Tuesday, 24 December 2013
121 Julia Fordham - Julia Fordham
Purchased : January 1989
Tracks : Happy Ever After / The Comfort Of Strangers / Few Too Many / Invisible War / My Lover's Keeper / Cocooned / Where Does The Time Go / Woman Of The 80s / The Other Woman / Behind Closed Doors / Unconditional Love
Actually I must have told a lie on the last post as this one came from Britannia as well so it must have been a buy one get two half price offer.
Here we have another forgotten female singer-songwriter from the late eighties. This is an entirely self-written album though there's a huge cast list of supporting musicians, a fair few of whom were on Infected including David Palmer though he's only on one track. Julia herself served time as a backing singer for Mari Wilson and Kim Wilde before cutting a solo deal with Circa Records. This was her debut LP released in the summer of 1988.
This was largely bought on the strength of the Top 40 hit "Happy Ever After" which kicks off proceedings. It's an interesting song that slips from personal to political dissatisfaction ( over apartheid ) halfway through and the sound gradually fills up aided by Grant Mitchell's crisp production. It's a percussion-driven track with a similar tempo to Terence Trent D'Arby's Sign Your Name and Peter Gabriel's Biko is another obvious influence. I don't have the technical vocabulary to describe Julia's deep and rich voice ; it's probably closer to a jazz voice than pop. She actually drops out of the song towards the end allowing Afrodisiak to chant it to a close.
The single that preceded it was "The Comfort Of Strangers" which has an interesting confessional lyric about looking for casual sex. Unfortunately it's set to the blandest , formulaic, late 80s pop arrangement this side of Climie Fisher. Julia's vocal style isn't exactly suited to the subject matter either. With no real hook it wasn't a hit. Bowie sideman Carlos Alomar adds some interest with his intricate guitar work but it's not enough.
The same problem is even more evident on "Few Too Many" which sets lyrics like "My appetite for anger is really ravenous" to a soporific supper club arrangement , all languid fretless bass and tasteful percussion, worthy of Sade at her most boring.
"Invisible War" is much much better, a piano ballad with mature lyrics about a failing relationship. It has a strong mournful melody and Julia sings it with beautiful control.
"My Lover's Keeper" is a very busy piece of pop funk with Palmer's firm drumming and Luis Jardim's chattering percussion keeping it moving. While I was writing that last sentence I was struggling to think who it reminded me of and I realise now it's Living In A Box particularly the chorus with its blaring brass. Underneath the bluster it's not a very strong song with Julia's lyrics back of an envelope standard.
"Cocooned" is languid and jazzy with the piano wandering about while Julia emotes fretfully about whether her relationship is cutting her off from the world. It's not very well expressed and the tune's forgettable.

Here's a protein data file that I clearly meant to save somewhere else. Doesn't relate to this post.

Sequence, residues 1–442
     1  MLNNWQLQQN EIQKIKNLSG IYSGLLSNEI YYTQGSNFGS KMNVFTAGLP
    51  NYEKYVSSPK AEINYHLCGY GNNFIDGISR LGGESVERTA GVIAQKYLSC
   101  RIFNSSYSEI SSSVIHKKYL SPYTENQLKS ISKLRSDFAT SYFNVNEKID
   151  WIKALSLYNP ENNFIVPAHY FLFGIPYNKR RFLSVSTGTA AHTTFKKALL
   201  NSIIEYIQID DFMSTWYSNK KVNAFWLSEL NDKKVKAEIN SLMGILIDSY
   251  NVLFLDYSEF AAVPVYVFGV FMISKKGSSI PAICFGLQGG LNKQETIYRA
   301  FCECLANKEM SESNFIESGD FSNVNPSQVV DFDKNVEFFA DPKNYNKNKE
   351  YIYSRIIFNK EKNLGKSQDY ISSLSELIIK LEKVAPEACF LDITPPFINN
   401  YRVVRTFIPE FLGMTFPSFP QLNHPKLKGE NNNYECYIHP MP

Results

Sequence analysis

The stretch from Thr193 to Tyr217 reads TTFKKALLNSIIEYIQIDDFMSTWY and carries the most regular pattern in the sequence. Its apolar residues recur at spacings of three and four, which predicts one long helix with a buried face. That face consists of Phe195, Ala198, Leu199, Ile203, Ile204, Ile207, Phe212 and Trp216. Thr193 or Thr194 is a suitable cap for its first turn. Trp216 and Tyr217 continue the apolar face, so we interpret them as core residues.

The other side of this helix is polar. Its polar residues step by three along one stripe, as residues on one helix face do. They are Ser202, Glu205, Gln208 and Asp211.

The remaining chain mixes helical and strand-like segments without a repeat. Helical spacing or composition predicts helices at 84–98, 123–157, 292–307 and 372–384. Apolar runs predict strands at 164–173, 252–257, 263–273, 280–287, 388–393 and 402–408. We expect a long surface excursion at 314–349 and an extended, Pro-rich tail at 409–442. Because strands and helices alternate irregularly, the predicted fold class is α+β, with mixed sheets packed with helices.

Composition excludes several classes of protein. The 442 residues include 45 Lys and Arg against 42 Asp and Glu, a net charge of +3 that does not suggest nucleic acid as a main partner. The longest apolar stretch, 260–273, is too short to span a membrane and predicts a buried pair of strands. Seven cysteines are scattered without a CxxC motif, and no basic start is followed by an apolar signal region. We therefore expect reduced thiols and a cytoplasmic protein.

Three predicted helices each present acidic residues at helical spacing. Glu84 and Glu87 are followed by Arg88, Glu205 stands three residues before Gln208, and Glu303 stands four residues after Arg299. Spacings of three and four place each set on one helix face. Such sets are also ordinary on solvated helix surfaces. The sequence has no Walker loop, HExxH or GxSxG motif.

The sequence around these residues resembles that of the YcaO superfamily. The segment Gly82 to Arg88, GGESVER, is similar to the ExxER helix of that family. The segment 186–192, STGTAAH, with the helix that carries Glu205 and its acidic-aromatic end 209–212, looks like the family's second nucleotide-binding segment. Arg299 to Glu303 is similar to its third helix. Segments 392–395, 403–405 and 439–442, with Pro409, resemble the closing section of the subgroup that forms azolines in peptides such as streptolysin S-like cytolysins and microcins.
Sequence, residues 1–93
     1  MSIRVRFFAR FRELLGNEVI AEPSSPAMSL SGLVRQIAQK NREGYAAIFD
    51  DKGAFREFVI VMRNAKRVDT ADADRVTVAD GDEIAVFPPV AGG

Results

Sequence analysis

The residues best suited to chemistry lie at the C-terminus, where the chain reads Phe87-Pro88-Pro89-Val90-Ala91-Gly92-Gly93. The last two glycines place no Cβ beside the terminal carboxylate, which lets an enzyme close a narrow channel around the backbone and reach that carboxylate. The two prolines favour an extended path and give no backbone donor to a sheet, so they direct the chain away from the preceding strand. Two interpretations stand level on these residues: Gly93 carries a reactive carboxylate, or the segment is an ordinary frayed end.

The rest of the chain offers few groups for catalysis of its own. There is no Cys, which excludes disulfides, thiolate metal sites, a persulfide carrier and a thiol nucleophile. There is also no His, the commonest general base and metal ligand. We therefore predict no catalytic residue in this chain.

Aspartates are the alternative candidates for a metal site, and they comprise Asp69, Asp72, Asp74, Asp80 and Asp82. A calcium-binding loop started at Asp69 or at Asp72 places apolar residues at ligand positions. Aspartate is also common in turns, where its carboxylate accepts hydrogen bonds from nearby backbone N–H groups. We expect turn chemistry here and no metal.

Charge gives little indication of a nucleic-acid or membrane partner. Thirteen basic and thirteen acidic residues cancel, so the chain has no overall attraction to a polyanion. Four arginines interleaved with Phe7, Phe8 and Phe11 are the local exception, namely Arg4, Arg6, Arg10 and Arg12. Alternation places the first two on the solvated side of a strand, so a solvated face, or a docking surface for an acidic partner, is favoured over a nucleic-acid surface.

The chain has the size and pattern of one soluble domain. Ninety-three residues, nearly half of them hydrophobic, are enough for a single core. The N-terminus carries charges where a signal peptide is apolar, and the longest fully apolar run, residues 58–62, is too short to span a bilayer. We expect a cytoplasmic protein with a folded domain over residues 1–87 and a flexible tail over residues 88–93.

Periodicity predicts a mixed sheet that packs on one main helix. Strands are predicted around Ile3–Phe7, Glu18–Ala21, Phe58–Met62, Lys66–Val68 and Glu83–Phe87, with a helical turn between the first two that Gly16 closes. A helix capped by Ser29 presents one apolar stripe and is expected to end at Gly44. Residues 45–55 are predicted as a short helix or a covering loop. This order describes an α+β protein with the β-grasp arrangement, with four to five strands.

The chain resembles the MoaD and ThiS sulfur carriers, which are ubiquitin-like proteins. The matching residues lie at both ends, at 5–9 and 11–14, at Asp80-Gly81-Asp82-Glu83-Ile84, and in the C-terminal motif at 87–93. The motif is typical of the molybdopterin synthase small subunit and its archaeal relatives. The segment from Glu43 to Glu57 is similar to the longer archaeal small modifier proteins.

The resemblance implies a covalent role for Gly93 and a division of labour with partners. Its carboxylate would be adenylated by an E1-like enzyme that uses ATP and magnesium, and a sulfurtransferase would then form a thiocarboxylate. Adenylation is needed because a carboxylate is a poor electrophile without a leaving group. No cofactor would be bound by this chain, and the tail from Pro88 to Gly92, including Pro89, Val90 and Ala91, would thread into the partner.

"Where Does The Time Go ?" fell one place short of the Top 40 in February 1989. The title is self-explanatory ( and repeated often enough for near-hit status ) but the rhymes are a bit chocolate box - "reasons/ seasons", "worrying/hurrying" . The music is glossy but vapid; the main interest is in how much guest vocalist John O'Kane sounds like Michael McDonald (a lot ).
The most talked about track - at least at the time - follows next. When it comes to making a rod for your own back , titling a song on your debut LP "Woman Of The 80s" takes some beating and I seem to recall it being brought up in a number of her subsequent reviews. As a feminist anthem it falls somewhere between I Am Woman and Sheena Easton's Modern Girl ; Julia asserts that she won't call her man but admits that she misses him. Musically it's more of that jittery Living In A Box pop-funk ) , spunky but lacking any pop hooks. Hence. as the follow-up single to "Happy Ever After" it flopped.
"The Other Woman" is a downbeat rumination on being someone's mistress that sounds vaguely like Alison Moyet's All Cried Out without the big chorus. Ghosts from earlier in the decade , former Belle Starr Clare Hirst on sax and Julia's former employer Mari Wilson on backing vocals help out but in neither case is their contribution very noticeable.
"Behind Closed Doors " is another piano ballad but it re-uses the melody from "Woman Of The 80s and ends just as it seems to be building.
"Unconditional Love" re-locates that pop-funk sound to close out the LP. The song takes second place to the groove and mainly consists of a rather bludgeoning chant of the title.
Well, two good tracks out of eleven isn't enough for me so my interest in Julia ended here. She hung around long enough to chalk up a Top 20 hit with the forgettable "(Love Moves ) In Mysterious Ways" in 1992 but like many other artists of this period she was buried by Britpop ( arguably a more effective scouring agent than punk), and hasn't troubled the charts since.